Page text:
New norms are not necessarily more inclusive or pluralistic than old ones, since it is not only individual variation presses towards change but also changing patterns of similarities between individuals that may contribute to emptying an earlier norm of its meaning by disconnecting gender from what used to be gendered practices. This raises a question about the relation between destabilising a category and weakening its significance in different areas of life. Does a destabilisation of the binary structure of gender and of sexuality lead to fewer social inequalities between people of different genders or different sexual identities? And, conversely, does increased social equality between women and men or between people with different sexual identities make the gender category less important, constraining and exclusionary? Is it gender as practice or gender as category that is the root of evil? These are also questions I keep in mind in my analysis of what aspects of gender are done, undone and redone across the three generations.
The Structure of the Book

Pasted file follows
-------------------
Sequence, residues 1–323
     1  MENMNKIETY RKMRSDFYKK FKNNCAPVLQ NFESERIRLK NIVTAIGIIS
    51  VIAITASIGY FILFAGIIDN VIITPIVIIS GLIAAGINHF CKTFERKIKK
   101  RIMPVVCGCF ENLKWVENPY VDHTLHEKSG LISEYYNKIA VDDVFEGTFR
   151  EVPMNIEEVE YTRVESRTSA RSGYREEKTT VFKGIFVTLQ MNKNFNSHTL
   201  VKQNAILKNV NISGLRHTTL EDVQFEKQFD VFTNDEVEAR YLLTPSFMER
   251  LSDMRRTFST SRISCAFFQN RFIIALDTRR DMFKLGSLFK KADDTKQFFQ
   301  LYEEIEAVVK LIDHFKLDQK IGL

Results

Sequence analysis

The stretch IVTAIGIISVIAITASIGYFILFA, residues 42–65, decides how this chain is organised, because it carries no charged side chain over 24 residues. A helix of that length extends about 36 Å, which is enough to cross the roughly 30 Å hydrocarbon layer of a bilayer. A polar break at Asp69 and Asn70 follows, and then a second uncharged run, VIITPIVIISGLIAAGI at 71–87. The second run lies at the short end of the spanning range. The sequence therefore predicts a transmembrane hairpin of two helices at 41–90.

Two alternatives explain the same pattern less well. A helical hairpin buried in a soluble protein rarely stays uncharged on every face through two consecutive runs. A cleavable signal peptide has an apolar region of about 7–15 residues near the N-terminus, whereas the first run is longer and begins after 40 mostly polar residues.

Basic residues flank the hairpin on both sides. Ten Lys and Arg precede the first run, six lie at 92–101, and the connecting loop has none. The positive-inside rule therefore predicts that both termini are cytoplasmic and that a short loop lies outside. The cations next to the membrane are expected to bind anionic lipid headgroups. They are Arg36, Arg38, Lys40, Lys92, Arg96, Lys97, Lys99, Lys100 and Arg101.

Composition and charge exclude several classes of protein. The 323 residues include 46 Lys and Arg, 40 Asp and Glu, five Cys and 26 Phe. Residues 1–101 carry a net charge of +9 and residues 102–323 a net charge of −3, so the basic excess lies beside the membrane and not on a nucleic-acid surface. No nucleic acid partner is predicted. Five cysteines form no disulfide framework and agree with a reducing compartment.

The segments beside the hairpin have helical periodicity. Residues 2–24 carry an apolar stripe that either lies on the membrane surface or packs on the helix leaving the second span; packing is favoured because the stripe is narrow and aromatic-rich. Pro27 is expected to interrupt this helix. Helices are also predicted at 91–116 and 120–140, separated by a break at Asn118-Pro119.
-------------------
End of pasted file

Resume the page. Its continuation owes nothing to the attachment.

In the following three chapters I will elaborate some of the theoretical and empirical assumptions for my analysis. Chapter 2 will discuss the concept of feelings in connection with theories of subjectivity, identity and affect. It will look specifically at theories about gender and subjectivity, and in what ways it makes sense to talk about social patternings of feelings. Chapter 3 will dive into the methodological aspects of the study, the design, procedures and presentation of the data. It will discuss how one can ‘read’ feelings from qualitative interviews and will look at the many methodological challenges that arise when studying and comparing generations. Chapter 4 will set some of the societal context for the three generations of the study, particularly the Norwegian context and in what ways it is similar to and different from other European countries. The structural, economic and political conditions for family and work, and the changing cultural contexts for the youth of each of the three generations will be chief areas of focus. The subsequent three chapters—Chaps. 5 , 6 and 7 —are dedicated to an inductive analysis of the dominant patterns within each generation organised along the six thematic issues mentioned above: work, relationships, bodies, reflections, practices and attitudes. In the three last chapters the patterns found in the different generations are seen and analysed from different methodological and psychosocial angles. Chapter 8 is a methodological interlude where the results from the analyses are discussed along the dimensions of time and place. It includes reflections on how the effects of age, generation and historical period are intertwined with the production of social change. Furthermore, it includes a comparison with selected generational studies from the UK in order to see what may be specifically Scandinavian in the patterns detected and what might have wider applicability. Chapter 9 summarises the changes and continuities of gendered subjectivities across the three generations and examines them in terms of different historical theories of psychological gender. Chapter 10 summarises the changing social patterns of feeling gender and how they have fed into new life projects and ideas about gender and gender equality.